Wednesday Kipple

In 1918 Freud reconsidered his theories. Unlike Kipling, he did not lose sons in the war, and after the war his tribe moved to England, where they married into the great and good. However, he considered that myth did not merely have an erotic wish, but thanatos, a wish for death, perhaps spiritualized as Nirvana.

He was too theorectical, and had not grieved enough. Kipling was closer to how it was.

I have visited the royal graves in Berlin. Most of the German elite died in the Great War: the old families were no longer there during the depression, and the toxic ideologies of progessivism and social Darwinism caused damage. Kipling despised the Germans, but most English, during that period, did.

When the first World War broke out in August 1914, Rudyard Kipling felt horribly vindicated. The poet of Empire believed Britain’s army was pitifully small for the continental war he had warned was coming.

Though he was Britain’s most famous writer, few paid much attention. Kipling was regarded by the Liberal Party in power and the liberal establishment as a reactionary. With characteristic verve, he threw himself into the recruitment effort. He had an abiding loathing of the Germans, which survived the war. “There are only two divisions in the world,” he once wrote, “human beings and Germans”.

The Irish Guards was part of the Guards Division held in reserve during the Battle of Loos which began on September 25th, 1915. This was to be the “biggest battle in the history of the world”, according to the Guards Division General Richard Haking. Like so many British battles of 1915, it was a disaster.

Second Lieut John Kipling was in charge of a platoon with the Irish Guards. He died during an assault on Chalk-Pit Wood at the apex of the German front line.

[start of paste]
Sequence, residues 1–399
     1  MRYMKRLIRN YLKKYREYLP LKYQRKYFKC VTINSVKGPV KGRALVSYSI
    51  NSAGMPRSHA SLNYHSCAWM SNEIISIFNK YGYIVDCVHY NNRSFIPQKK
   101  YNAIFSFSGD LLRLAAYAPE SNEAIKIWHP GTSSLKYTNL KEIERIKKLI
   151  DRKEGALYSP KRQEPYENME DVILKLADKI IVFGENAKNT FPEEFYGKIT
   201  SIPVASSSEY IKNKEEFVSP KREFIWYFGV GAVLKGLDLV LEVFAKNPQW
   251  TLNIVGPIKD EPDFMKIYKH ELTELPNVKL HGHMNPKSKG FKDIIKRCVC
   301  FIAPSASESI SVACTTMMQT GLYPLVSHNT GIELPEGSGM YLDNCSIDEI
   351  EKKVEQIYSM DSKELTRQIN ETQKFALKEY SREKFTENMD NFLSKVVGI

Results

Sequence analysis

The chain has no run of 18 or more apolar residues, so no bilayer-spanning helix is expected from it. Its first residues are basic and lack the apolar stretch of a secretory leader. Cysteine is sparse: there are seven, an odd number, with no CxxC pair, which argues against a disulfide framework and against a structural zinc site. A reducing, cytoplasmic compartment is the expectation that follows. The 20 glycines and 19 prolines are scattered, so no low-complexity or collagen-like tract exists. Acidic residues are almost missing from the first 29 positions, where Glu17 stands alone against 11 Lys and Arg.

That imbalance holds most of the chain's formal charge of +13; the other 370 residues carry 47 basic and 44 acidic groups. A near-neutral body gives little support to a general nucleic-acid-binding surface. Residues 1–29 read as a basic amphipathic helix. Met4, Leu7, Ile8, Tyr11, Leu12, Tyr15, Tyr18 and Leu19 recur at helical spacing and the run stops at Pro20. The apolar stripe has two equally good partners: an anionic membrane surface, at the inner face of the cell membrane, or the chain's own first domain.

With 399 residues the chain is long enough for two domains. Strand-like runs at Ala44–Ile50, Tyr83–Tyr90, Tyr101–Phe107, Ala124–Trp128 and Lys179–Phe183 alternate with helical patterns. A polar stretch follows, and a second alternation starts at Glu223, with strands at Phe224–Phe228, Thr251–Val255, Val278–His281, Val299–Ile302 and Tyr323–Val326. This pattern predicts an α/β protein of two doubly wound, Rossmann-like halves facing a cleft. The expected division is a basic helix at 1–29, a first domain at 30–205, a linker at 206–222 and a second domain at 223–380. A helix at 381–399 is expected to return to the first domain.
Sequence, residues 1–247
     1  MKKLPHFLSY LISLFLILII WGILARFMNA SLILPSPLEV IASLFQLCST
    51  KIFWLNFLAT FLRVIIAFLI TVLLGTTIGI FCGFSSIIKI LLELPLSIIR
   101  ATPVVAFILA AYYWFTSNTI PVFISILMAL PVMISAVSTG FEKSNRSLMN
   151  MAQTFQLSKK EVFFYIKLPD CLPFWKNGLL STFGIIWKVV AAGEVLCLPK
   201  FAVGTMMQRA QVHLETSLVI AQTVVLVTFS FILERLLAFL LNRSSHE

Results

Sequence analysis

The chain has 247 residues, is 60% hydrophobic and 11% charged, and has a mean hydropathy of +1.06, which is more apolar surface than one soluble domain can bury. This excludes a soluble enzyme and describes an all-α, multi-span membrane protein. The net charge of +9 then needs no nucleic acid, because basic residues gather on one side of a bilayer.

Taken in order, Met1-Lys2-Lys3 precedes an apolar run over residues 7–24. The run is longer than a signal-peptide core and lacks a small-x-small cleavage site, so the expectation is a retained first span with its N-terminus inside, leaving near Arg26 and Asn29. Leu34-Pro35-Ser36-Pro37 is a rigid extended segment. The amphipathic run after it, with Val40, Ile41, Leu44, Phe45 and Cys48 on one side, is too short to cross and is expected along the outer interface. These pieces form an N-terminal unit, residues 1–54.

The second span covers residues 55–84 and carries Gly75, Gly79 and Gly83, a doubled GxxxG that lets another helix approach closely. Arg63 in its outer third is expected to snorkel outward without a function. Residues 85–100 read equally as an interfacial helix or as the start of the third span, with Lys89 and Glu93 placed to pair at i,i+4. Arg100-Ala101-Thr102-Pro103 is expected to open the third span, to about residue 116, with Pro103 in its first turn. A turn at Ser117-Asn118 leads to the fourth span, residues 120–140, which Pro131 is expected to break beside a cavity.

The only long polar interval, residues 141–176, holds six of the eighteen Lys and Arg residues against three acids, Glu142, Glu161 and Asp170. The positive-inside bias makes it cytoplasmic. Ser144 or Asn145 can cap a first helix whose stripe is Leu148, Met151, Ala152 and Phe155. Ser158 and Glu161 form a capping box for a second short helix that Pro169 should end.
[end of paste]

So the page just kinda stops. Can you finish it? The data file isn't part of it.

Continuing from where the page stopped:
At first he was reported missing. This gave his parents false hope. Most families lacked the means or contacts to go searching for their missing relatives on the battlefields. Most families weren’t the Kiplings.

Rudyard and his American wife Carrie toured the Western Front and searched hospitals. They dropped fliers over German lines. They beseeched the royal families of neutral Holland and Sweden to intervene with the Germans and find out if John was being held as a prisoner-of-war.

One by one the Kiplings interviewed their son’s comrades-in-arms. Hope was extinguished when a Sergeant Kinneally reported that John Kipling had been shot through the head. His body was placed in a shell hole where it was pulverised by shellfire

Ronan McGreevy, Irish Times

Three years later, at the end of the war, Kipling wrote this.

A Death-BedA Death-Bed


“This is the State above the Law.
The State exists for the State alone.”
[This is a gland at the back of the jaw,
And an answering lump by the collar-bone.]

Some die shouting in gas or fire;
Some die silent, by shell and shot.
Some die desperate, caught on the wire;
Some die suddenly. This will not.

“Regis suprema voluntas Lex”
[It will follow the regular course of—throats.]
Some die pinned by the broken decks,
Some die sobbing between the boats.

Some die eloquent, pressed to death
By the sliding trench as their friends can hear.
Some die wholly in half a breath.
Some—give trouble for half a year.

“There is neither Evil nor Good in life.
Except as the needs of the State ordain.”
[Since it is rather too late for the knife,
All we can do is mask the pain.]

Some die saintly in faith and hope—
Some die thus in a prison-yard—
Some die broken by rape or the rope;
Some die easily. This dies hard.

“I will dash to pieces who bar my way.
Woe to the traitor! Woe to the weak!”
[Let him write what he wishes to say.
It tires him out if he tries to speak.]

Some die quietly. Some abound
In loud self-pity. Others spread
Bad morale through the cots around . . .
This is a type that is better dead.

“The war was forced on me by my foes.
All that I sought was the right to live.”
[Don’t be afraid of a triple dose;
The pain will neutralize half we give.

Here are the needles. See that he dies
While the effects of the drug endure . . .
What is the question he asks with his eyes?—
Yes, All-Highest, to God, be sure.]

Rudyard Kipling

The state should not decide who lives, who dies, nor should the needle contain poison. Let our fate instead be with God.

Note that the member of the fashionable elite, Freud, requested Euthanasia. Kipling, shunned, considered toxic, unfashionable, did not.